Understanding a Federated ODBC Topology with Spider

In a federated ODBC topology, Spider has a "virtual" table on the local MariaDB Server instance, and its data is stored on a remote non-MariaDB Server instance (Oracle, Microsoft SQL Server, PostgreSQL, etc.). The client sees only the local "virtual" table, so the complexity does not affect usability. Spider integrates with the operating system's ODBC driver manager to query the remote non-MariaDB server.

This topology is only supported in MariaDB Enterprise Server 10.5. This feature has gamma maturity.

Term Definitions

Term

Definition

Spider Table

A Spider Table is a "virtual" table that uses the Spider storage engine. The table does not contain any data.

Back-end Table

A Back-end Table is a "physical" table that stores some or all of the data for a Spider Table. The table must use a non-Spider storage engine, such as InnoDB or ColumnStore.

Spider Node

The Spider Node is the MariaDB Server instance that contains the Spider table. The node uses the SPIDER plugin to access the back-end tables on the Data Nodes.

Data Node

The Data Nodes are the MariaDB Server instances that contain the back-end tables.

When to Use a Federated ODBC Topology with Spider

A federated ODBC topology allows you to:

  • Migrate a table's data from a remote non-MariaDB server to the local MariaDB server.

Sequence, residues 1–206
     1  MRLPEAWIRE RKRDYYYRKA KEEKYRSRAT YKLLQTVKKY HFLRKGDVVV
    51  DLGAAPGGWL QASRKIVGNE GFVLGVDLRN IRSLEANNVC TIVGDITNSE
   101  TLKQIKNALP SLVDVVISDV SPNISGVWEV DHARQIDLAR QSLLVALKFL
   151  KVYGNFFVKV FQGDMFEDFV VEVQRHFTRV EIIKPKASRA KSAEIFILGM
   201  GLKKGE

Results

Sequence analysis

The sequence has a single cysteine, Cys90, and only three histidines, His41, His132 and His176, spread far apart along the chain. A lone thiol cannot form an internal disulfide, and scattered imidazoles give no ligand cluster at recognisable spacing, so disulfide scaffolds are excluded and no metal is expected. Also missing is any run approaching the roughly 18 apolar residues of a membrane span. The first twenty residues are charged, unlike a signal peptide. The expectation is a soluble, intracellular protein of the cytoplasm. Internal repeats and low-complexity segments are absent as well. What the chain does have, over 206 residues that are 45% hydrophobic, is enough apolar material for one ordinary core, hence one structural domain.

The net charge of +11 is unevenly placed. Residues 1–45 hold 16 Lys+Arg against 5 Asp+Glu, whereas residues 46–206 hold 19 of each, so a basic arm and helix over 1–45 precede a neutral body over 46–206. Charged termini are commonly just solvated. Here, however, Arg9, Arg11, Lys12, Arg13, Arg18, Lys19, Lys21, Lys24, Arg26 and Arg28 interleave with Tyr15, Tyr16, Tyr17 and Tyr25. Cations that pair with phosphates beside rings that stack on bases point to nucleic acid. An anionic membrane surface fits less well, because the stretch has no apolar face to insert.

• Query a table on a remote non-MariaDB server from the local MariaDB server.

  • Join a table on a remote non-MariaDB server with tables on the local MariaDB server.

Example Use Cases

Querying Remote Non-MariaDB Tables

Let's say that a business has both MariaDB and non-MariaDB databases instances, but they frequently need to query tables on multiple instances in the same query.

Spider's Federated ODBC Topology can easily be used to query remote tables on non-MariaDB servers. The MariaDB server instance that the application queries would be configured as the Spider Node, and the other non-MariaDB Server instances would be configured as the Data Nodes.

Migrating Tables to MariaDB

Let's say that a business needs to migrate a table from one non-MariaDB Server instance to a MariaDB Server instance.

Spider's Federated ODBC Topology can easily be used to migrate this table. The destination MariaDB Server instance would be configured as the Spider Node, and the source non-MariaDB Server instance would be configured as the Data Nodes.